Addison P

Glenn,

I enjoyed the presentation you gave recently at the University of Michigan. It was very informative and I appreciated the way you delivered the information. I was wondering, though, how important our choice of minor is to employers. I was thinking that a math or business minor would be valuable for CS majors. Is this the case? Or are minors not that important?

Glenn Galler

Addison,

As a recruiter, your Minor is important to me when it is in line with your Major and it supports your interests. Using your example, a Computer Science Major with a Business Minor is interesting to me if the student is interested in a consulting position, or a position in project or people management. I also have no difficulty aligning the Math Minor with the Computer Science Major in that it could easily allow a student to develop better problem solving skills, logical thinking and the ability to analyze and solve complex problems. As students, you can help yourself by helping the recruiter see the connections between the Major and Minor degrees.

When there is no clear connection between the Major and Minor degrees, this can be a problem for the recruiter. Please see the discussion on Multiple Majors to see where having unrelated Majors and Minors can be an issue.

Cheng-Fu Lin

Hi Glenn,

I’m taking EECS 470 Computer Architecture this semester. I’m going to build an out-of-order, two-way super-scale Processor based on P6 Architecture in the following months.
Would it be ok if I mention my final project of this semester on my resume?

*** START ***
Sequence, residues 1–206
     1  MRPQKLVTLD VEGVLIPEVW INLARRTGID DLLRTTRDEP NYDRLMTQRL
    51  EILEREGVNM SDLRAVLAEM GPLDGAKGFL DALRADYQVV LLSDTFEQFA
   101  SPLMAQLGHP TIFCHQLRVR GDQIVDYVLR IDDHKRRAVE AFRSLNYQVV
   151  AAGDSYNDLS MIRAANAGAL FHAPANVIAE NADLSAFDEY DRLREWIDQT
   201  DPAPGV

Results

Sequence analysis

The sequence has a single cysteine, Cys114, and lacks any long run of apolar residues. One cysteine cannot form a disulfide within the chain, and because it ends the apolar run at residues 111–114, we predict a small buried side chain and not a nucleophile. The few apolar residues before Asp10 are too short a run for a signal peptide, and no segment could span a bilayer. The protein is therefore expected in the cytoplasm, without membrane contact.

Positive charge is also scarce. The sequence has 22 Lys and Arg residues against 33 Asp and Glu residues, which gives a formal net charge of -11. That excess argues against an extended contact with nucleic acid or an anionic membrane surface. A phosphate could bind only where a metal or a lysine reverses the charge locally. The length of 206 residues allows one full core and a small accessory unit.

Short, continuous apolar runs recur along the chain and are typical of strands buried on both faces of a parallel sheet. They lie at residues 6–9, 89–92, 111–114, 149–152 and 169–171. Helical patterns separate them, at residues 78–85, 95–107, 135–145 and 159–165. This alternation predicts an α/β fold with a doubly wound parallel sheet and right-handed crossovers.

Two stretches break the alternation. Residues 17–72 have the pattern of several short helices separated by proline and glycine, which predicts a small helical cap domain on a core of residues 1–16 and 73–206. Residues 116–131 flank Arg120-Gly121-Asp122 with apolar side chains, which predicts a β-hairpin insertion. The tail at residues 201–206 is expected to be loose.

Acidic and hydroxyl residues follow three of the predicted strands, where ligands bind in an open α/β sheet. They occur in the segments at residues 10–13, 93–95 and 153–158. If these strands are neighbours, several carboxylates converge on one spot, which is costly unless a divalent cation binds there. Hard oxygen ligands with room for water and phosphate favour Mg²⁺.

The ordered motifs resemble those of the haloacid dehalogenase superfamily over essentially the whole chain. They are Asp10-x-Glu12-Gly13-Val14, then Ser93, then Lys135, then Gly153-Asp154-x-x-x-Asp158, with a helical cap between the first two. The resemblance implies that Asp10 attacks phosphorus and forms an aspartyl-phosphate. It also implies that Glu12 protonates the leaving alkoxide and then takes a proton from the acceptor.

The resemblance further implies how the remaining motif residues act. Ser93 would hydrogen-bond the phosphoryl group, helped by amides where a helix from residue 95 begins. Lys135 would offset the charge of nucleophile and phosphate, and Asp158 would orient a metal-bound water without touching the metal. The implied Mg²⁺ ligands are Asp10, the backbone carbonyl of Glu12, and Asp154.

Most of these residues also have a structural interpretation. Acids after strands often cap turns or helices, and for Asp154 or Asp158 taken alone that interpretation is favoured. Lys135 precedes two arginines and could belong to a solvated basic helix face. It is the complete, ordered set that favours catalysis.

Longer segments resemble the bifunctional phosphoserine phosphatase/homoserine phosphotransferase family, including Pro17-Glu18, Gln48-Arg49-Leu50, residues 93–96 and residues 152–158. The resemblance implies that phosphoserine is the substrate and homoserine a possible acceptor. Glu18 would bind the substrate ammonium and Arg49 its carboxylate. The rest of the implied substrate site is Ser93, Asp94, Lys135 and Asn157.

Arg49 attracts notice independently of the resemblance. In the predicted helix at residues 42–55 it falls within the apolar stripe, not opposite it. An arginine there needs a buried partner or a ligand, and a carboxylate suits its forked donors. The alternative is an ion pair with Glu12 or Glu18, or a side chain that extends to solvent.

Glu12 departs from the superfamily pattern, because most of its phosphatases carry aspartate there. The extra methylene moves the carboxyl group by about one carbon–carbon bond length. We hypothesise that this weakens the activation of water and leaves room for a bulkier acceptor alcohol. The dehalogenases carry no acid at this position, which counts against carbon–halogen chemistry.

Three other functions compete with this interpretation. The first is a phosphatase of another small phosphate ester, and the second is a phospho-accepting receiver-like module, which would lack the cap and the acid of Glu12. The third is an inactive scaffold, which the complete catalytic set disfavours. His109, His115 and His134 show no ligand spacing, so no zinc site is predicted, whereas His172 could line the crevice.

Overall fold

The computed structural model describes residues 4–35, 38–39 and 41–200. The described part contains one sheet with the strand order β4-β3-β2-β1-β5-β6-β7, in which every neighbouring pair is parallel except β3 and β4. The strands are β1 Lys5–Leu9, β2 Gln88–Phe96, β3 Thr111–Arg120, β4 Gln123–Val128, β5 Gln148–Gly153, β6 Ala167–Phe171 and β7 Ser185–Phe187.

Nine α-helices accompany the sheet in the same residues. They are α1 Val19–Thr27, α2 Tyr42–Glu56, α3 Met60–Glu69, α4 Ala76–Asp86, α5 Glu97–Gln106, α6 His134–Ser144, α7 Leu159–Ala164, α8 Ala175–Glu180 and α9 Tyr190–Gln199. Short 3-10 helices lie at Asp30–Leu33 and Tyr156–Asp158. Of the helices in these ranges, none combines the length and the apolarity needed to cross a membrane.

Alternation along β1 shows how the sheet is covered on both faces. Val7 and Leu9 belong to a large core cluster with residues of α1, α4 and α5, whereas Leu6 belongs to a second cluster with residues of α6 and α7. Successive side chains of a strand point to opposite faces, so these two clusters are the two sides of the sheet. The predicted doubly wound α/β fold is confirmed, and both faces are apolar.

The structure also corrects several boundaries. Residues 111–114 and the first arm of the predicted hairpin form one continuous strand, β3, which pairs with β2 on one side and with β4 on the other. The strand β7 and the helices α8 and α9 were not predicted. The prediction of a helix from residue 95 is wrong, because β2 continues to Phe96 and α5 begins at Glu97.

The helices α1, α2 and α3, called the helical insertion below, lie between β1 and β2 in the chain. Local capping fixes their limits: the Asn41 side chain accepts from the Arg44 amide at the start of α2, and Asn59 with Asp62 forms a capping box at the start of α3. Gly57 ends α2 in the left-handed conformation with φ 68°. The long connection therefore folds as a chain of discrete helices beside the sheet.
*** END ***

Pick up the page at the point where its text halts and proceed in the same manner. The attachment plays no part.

Which tense (past or present) should I use in describing this project?

Glenn Galler

Cheng-Fu,

I would not put this project into your resume now. Next term, it will be a great project to include in your resume. It is okay to list the Computer Architecture (470) course in your resume since you are currently taking it. The resume can include items that you are currently doing or have done in the past, but it should not include items that you will be doing in the future. There are still many things that could happen that could prevent this project from ever occurring even though it is likely it will happen.

There are good ways that you can bring up this project even if it is not on your resume. For instance, if the recruiter asks what courses are you taking now (a common question), then you can say, “I am currently taking Computer Architecture and our final project will be to create an out-of-order, two-way super-scale Processor based on P6 Architecture. I have already starting thinking about ways to do this…”.

Glenn Galler

Max Chang

Hi Glenn,

I remembered that when you gave the presentation in the University of Michigan you mentioned the status of international students.

Though I am a international student now, I am also on the waiting list for permanent residence interview since my father is a U.S. citizen, and I may receive the green card within 2-3 years. So, I am wondering should I include this information either in the resume or cover letter.

Thank you for your suggestion.

Max

Best Question of the Week Award (3/29/2013)

Glenn Galler

Max,

This is a very good question. Normally, you don’t want to include any information in your resume that is in the future (see the discussion on resumes called . However, this is very important information which could increase your chances of getting a job significantly. I found this website (https://egov.uscis.gov/cris/Dashboard/CaseStatus.do) that shows the various stages of green card processing. I would suggest putting the stage you are in with your application in your resume. This information could go in the Work Experience section or at the top of the resume in the Name and Contact section. There are going to be companies that will not be able to hire you because you have not completed the process yet. On the other hand, there may be companies that will hire you knowing that the process is underway. This may make a big difference if you are looking for an internship or coop where there is no need to sponsor you immediately. With this information in your resume, you will have an additional piece of information to discuss in the interview.

With this question, you are in the running for a FREE resume review. Good luck.

Glenn

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